In Understanding Lambda/Closure, I talked about what lambda/closure is, how different languages support it, and why JDK8 adopts the current lambda syntax. Using lambda wisely may be learned from languages already featured first-class functions. In those languages, however, most ideas of first-class functions come from functional programming directly or indirectly. Furthermore, the model of functional programming is based on lambda calculus. When moving yourself through these concepts one by one, you'll gradually know where the playground of lambda/closure is.

In Understanding Lambda/Closure, Part 6 - First Class Functions and Lambda Calculus, we've introduced basic ideas about lambda calculus. From this article, we’ll look at what functional programming is and how to do that in Java. But, why should programmers learn about functional programming?

In the article Can Your Programming Language Do This?, Joel Spolsky said that...

**...programming languages with first-class functions let you find more opportunities for abstraction.**

In the book Coders at Work, Simon Peyton Jones mentioned that...

**...the perspectives you learn over here in the purely functional world can inform and illuminate the mainstream.**In the book Functional Programming for Java Developers, Dean Wampler listed five points in the first chapter "Why Function Programming?":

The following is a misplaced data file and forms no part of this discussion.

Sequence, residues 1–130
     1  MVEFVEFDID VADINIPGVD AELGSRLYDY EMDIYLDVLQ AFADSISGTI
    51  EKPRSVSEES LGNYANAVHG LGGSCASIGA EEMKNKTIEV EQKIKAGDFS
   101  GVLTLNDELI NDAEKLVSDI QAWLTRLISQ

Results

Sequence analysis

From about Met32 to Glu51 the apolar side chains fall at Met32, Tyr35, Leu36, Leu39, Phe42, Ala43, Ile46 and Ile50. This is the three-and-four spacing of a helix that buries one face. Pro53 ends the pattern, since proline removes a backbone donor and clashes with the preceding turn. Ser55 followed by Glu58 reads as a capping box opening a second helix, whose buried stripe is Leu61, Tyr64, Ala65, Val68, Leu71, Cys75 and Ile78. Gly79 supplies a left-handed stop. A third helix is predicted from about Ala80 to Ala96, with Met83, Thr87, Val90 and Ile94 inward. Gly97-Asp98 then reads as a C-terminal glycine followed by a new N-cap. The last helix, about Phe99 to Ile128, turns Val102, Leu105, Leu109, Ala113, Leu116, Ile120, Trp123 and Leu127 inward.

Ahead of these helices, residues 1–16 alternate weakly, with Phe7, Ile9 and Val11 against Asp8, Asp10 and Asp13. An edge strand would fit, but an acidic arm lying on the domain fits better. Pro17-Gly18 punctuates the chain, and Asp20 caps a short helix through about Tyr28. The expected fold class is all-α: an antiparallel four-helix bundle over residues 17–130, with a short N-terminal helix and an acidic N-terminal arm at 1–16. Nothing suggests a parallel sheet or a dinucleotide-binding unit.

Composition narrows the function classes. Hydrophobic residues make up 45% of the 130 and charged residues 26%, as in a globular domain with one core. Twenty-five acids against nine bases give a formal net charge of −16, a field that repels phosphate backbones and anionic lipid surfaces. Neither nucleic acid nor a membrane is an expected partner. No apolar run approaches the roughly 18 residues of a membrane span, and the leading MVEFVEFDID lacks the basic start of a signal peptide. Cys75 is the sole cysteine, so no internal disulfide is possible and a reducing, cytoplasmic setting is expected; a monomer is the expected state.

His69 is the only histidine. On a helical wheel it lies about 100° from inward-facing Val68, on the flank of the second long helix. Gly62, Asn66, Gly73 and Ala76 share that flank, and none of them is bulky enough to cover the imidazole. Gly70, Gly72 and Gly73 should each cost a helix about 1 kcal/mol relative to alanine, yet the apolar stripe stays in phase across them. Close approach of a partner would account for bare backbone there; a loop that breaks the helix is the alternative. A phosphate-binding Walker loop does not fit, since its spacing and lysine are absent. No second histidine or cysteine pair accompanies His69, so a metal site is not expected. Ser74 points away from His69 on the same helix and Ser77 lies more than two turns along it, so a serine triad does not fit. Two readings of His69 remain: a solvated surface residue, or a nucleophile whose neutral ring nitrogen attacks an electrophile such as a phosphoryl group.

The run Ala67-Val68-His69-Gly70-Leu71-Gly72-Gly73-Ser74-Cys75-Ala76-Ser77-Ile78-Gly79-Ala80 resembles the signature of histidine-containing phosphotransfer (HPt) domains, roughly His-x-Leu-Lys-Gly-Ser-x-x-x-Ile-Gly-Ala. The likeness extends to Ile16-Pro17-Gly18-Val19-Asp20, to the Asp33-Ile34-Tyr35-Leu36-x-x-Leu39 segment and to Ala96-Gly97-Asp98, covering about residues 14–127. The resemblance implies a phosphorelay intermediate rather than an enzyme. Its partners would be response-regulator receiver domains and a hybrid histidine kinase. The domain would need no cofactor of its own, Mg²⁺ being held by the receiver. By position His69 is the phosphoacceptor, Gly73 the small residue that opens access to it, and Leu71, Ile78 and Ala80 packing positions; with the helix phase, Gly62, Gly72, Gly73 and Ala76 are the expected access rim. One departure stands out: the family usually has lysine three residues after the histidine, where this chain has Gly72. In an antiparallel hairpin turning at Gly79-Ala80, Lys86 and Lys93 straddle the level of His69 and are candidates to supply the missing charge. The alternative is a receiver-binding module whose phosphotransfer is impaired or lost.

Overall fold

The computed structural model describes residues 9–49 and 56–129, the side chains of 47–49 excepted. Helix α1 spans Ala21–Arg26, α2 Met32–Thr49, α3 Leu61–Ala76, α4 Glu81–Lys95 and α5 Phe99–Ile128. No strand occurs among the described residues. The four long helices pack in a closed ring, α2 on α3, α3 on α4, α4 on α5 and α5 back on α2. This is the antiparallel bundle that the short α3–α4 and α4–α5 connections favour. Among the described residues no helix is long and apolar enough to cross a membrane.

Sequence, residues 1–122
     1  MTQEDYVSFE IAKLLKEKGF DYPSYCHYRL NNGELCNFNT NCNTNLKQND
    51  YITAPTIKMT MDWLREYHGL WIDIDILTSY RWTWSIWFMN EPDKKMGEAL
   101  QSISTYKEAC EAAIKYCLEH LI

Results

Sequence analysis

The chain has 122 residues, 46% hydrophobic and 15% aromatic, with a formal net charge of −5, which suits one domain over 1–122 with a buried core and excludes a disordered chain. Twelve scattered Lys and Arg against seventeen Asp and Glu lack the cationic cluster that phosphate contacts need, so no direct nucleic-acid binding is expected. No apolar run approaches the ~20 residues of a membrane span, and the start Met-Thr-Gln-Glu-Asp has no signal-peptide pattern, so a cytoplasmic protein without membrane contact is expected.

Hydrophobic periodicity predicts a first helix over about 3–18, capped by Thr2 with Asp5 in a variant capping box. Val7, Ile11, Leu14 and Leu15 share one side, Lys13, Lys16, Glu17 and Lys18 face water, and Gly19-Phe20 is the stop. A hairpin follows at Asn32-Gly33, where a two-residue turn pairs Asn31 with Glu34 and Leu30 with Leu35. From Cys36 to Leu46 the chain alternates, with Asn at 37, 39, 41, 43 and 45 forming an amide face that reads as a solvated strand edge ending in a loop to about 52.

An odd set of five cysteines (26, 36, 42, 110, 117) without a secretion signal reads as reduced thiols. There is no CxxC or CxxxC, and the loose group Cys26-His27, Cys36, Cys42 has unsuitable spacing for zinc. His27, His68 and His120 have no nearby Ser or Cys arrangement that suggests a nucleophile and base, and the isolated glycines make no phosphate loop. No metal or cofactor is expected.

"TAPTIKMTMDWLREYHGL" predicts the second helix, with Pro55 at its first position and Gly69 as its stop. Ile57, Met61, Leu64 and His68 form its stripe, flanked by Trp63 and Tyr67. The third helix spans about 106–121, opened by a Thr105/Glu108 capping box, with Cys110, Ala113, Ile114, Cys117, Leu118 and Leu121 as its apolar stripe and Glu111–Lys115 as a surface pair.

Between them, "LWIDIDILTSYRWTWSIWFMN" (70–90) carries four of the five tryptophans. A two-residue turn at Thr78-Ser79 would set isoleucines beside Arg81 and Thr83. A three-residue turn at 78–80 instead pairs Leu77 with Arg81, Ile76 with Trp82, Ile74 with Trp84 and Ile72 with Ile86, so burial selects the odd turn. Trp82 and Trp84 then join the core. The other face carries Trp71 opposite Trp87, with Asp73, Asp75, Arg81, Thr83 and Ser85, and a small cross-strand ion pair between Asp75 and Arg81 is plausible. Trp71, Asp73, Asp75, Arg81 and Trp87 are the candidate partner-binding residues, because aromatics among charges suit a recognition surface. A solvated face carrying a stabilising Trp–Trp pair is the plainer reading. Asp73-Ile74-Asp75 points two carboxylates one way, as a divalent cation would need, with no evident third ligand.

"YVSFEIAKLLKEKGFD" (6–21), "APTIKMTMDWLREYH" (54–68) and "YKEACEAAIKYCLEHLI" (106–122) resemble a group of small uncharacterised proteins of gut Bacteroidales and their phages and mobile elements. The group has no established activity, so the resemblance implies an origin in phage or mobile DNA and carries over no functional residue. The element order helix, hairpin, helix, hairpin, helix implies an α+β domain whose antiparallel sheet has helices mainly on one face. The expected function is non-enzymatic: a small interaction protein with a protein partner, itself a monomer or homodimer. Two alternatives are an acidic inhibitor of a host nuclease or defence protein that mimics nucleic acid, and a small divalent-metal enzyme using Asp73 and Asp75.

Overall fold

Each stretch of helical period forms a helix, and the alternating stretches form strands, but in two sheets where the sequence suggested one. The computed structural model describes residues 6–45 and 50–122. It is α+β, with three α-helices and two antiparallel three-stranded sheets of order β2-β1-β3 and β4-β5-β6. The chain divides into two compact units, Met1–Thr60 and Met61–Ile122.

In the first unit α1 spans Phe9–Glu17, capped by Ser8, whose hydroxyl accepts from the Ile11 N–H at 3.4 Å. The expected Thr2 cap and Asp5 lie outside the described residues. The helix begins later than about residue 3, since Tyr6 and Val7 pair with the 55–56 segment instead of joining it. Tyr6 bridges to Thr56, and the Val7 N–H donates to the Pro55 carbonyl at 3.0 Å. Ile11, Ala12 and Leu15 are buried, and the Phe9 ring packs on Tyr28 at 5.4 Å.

**I Have to Be Good at Writing Concurrent Programs****Most Programs Are Just Data Management Problems****Functional Programming Is More Modular****I Have to Work Faster and Faster****Functional Programming Is a Return to Simplicity**

The best way to know what these quotes mean is doing functional programming directly. First, let's see how to get a Fibonacci number. According to the Fibonacci number page of Wikipedia…

In mathematical terms, the sequence F

_{n}of Fibonacci numbers is defined by the recurrence relation F_{n}= F_{n-1}+ F_{n-2}with seed values F_{0}= 0, F_{1}= 1.In imperative programming, we have to provide computers with steps about how to solve the problem. For example, we may use Java to implement a static method as follow:

static int fib(int n) {

if(n == 0 || n == 1) {

return n;

}

int a = 0;

int b = 1;

for(int i = 2; i <= n; i++) {

int tmp = b;

b = a + b;

a = tmp;

}

return b;

}

if(n == 0 || n == 1) {

return n;

}

int a = 0;

int b = 1;

for(int i = 2; i <= n; i++) {

int tmp = b;

b = a + b;

a = tmp;

}

return b;

}

In functional programming, we just have to define the problem. That is, declare the problem with your programing language. For example, using Java to declare the problem may be as follow:

static int fib(int n) {

if(n == 0 || n == 1) {

return n;

}

return fib(n - 1) + fib(n - 2);

}

if(n == 0 || n == 1) {

return n;

}

return fib(n - 1) + fib(n - 2);

}

The code looks better when considering readability. Using a language which directly supports functional programming may further the readability. For example, the following Haskell implementation looks just like the mathematical definition of Fibonacci numbers.